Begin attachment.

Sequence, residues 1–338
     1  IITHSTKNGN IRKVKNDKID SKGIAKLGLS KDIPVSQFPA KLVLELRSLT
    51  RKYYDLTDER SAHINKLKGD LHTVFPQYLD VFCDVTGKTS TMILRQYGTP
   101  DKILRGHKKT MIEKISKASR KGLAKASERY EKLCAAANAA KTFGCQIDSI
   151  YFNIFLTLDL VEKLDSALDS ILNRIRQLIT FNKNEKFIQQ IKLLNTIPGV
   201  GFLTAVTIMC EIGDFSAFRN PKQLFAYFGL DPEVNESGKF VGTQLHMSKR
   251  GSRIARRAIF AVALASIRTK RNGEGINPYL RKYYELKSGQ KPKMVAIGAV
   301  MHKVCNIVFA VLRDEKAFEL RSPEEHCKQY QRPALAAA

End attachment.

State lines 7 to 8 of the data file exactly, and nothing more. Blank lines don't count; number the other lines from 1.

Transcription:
   251  GSRIARRAIF AVALASIRTK RNGEGINPYL RKYYELKSGQ KPKMVAIGAV
   301  MHKVCNIVFA VLRDEKAFEL RSPEEHCKQY QRPALAAA